The recent definition of the circadian molecular oscillator has permitted identification of the critical pacemaker neurons underlying circadian timekeeping. That information now presents the possibility to re- examine fundamental questions regarding the cellular basis for circadian regulation of behavior. We are interested in the molecules and signaling mechanisms by which circadian pacemaker neurons transmit information from the clock to the brain and body. A major focus of our studies concerns transmitter signaling by pacemaker neurons. Genetic evidence indicates the neuropeptide PDF (Pigment Dispersing Factor) is a principal circadian transmitter in Drosophila. Our working hypothesis is that PDF is an important synchronizing agent within the pacemaker network. In the previous research cycle, we studied where the receptor for PDF (PDF-R) is expressed, we developed realtime imaging methods to study its activation in vivo, and screened for kinases and phosphatases that participate in its signaling pathways. Those outcomes helped establish a foundation for a cycle of studies we now propose - to analyze PDF-R signal transduction mechanisms and consequences on neuronal activity. PDF-R is a Class B peptide GPCR - that category includes receptors for the mammalian PACAP and VIP peptides. We will pursue two specific aims related to PDF receptor signaling. First, we will analyze the composition of the PDF-R signalosomes, starting with the identification of associated adenylate cyclases. The signalosomes are different for different pacemakers - their molecular definition will greatly advance our understanding of circadian physiology. Second, we will determine how PDF-R signaling and its inactivation are controlled by internalization, via endocytotsis - preliminary genetic evidence suggests this is a key step in proper PDF-R signaling. Finally, in Aim 3, we will exploit novel imaging technology (called OCPI) for fast, realtime measures of neuronal activity in all 150 Drosophila brain pacemakers - once per minute, for up to 24 hours. When performed with genetic and pharmacological manipulations of PDF, this will permit us to relate PDF-R signaling data to normal pacemaker physiology. Biological timekeeping is essential for numerous homeostatic physiological events. Challenges to these mechanisms (from shift-work schedules or seasonal change) cause disruptions severe enough to include clinical conditions. Our studies focus on evolutionarily-conserved molecular mechanisms of circadian clock output and will identify leads for better therapeutic interventions to redress such conditions.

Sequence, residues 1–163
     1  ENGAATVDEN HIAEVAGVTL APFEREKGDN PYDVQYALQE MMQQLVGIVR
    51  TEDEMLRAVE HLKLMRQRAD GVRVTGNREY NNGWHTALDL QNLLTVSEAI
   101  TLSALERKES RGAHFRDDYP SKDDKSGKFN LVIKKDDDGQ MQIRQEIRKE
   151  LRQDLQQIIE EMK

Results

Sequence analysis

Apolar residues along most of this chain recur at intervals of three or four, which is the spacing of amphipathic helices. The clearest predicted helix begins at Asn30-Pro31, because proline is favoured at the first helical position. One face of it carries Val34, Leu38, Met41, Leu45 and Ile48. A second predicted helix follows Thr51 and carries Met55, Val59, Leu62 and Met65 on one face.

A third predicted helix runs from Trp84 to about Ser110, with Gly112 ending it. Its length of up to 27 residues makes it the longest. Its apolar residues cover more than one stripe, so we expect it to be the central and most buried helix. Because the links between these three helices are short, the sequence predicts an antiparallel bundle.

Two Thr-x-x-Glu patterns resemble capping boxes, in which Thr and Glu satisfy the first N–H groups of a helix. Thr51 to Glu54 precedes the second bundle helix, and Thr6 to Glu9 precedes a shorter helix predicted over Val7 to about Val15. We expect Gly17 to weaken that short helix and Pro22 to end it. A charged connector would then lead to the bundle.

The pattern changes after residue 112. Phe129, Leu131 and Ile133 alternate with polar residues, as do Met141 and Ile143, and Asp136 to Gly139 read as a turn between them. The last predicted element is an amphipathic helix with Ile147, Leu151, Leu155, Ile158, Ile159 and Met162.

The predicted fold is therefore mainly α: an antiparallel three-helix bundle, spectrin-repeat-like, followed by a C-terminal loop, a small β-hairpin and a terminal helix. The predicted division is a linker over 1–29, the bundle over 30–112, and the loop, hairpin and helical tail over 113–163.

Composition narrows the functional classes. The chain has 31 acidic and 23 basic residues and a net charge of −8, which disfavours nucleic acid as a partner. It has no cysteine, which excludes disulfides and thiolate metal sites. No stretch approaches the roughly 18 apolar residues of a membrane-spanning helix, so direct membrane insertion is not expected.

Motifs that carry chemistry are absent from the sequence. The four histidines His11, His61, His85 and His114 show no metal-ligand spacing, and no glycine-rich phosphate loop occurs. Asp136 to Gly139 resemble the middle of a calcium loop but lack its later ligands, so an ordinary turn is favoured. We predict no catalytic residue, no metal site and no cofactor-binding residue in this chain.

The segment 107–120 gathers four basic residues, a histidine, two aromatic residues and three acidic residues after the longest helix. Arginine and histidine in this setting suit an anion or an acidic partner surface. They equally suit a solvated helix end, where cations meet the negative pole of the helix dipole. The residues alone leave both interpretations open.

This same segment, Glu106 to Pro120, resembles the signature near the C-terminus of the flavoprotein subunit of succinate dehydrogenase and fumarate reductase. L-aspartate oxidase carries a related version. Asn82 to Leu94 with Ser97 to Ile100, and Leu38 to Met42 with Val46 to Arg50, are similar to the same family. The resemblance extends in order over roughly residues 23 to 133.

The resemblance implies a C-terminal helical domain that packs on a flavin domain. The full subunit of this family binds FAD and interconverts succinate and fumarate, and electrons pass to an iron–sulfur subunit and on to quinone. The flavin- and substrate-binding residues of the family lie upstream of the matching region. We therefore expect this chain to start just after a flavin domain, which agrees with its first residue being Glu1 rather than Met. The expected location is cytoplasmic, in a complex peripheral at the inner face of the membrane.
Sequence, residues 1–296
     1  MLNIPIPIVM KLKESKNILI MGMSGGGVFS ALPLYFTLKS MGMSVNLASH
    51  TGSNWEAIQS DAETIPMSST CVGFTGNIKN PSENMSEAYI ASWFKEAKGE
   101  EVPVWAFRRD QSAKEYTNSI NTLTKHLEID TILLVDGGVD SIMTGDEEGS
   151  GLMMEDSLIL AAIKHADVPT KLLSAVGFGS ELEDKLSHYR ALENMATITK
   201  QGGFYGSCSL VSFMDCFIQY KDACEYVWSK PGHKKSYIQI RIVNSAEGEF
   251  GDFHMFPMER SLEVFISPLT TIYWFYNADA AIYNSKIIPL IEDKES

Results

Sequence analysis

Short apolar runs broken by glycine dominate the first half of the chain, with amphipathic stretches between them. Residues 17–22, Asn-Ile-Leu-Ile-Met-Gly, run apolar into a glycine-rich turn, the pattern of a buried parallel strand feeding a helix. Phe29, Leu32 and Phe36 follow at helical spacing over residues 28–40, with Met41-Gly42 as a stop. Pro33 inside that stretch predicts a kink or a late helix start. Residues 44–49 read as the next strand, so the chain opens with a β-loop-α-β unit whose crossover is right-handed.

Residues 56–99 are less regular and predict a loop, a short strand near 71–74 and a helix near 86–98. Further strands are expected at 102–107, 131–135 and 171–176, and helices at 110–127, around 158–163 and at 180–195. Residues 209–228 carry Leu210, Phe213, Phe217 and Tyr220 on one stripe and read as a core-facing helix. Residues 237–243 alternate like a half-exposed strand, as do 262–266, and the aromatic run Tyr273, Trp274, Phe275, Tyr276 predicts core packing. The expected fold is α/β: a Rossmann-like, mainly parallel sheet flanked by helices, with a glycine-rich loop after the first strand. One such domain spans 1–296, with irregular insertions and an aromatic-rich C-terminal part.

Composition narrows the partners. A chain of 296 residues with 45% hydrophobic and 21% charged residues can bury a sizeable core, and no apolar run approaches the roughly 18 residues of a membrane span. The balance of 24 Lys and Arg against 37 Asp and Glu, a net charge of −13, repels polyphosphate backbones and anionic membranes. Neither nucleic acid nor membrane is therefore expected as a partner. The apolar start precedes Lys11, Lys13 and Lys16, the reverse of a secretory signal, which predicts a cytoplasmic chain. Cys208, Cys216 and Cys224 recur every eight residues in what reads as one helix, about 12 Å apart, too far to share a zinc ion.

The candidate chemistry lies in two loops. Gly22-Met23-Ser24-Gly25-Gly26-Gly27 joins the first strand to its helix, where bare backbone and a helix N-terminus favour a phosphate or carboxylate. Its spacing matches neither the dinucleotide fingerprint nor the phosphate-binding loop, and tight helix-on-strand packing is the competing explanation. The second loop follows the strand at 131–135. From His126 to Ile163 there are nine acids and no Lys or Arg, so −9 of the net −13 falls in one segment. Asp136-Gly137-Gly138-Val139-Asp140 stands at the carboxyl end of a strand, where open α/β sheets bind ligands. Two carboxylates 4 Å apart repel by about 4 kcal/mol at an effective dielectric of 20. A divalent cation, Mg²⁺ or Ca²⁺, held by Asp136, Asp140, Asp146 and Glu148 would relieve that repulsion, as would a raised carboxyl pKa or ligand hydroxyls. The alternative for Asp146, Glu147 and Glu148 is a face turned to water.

Public Health Relevance

Stroke and cardiac arrest display clear of time-of-day variation, yet circadian biology has a poor understanding of the nature of output signals from the circadian clock to effector organs. Here I propose a research program dedicated to addressing fundamental circadian output mechanisms.

Agency
National Institute of Health (NIH)
Type
Research Project (R01)
Project #
5R01MH067122-12
Application #
8600307
Study Section
Neurodifferentiation, Plasticity, and Regeneration Study Section (NDPR)
Program Officer
Beckel-Mitchener, Andrea C
Project Start
Project End
Budget Start
Budget End
Support Year
12
Fiscal Year
2014
Total Cost
Indirect Cost
Name
Washington University
Department
Neurosciences
Type
Schools of Medicine
DUNS #
City
Saint Louis
State
MO
Country
United States
Zip Code
63130
Duvall, Laura B; Taghert, Paul H (2013) E and M circadian pacemaker neurons use different PDF receptor signalosome components in drosophila. J Biol Rhythms 28:239-48
Im, Seol Hee; Li, Weihua; Taghert, Paul H (2011) PDFR and CRY signaling converge in a subset of clock neurons to modulate the amplitude and phase of circadian behavior in Drosophila. PLoS One 6:e18974
Duvall, Laura B; Taghert, Paul H (2011) Circadian rhythms: biological clocks work in phospho-time. Curr Biol 21:R305-7
Im, Seol Hee; Taghert, Paul H (2011) Neuroscience. A CRY to rise. Science 331:1394-5
Im, Seol Hee; Taghert, Paul H (2010) PDF receptor expression reveals direct interactions between circadian oscillators in Drosophila. J Comp Neurol 518:1925-45
Shafer, Orie T; Taghert, Paul H (2009) RNA-interference knockdown of Drosophila pigment dispersing factor in neuronal subsets: the anatomical basis of a neuropeptide's circadian functions. PLoS One 4:e8298
Park, Dongkook; Taghert, Paul H (2009) Peptidergic neurosecretory cells in insects: organization and control by the bHLH protein DIMMED. Gen Comp Endocrinol 162:2-7
Shafer, Orie T; Kim, Dong Jo; Dunbar-Yaffe, Richard et al. (2008) Widespread receptivity to neuropeptide PDF throughout the neuronal circadian clock network of Drosophila revealed by real-time cyclic AMP imaging. Neuron 58:223-37
Nitabach, Michael N; Taghert, Paul H (2008) Organization of the Drosophila circadian control circuit. Curr Biol 18:R84-93
Shafer, Orie Thomas; Helfrich-Forster, Charlotte; Renn, Susan Christine Portia et al. (2006) Reevaluation of Drosophila melanogaster's neuronal circadian pacemakers reveals new neuronal classes. J Comp Neurol 498:180-93

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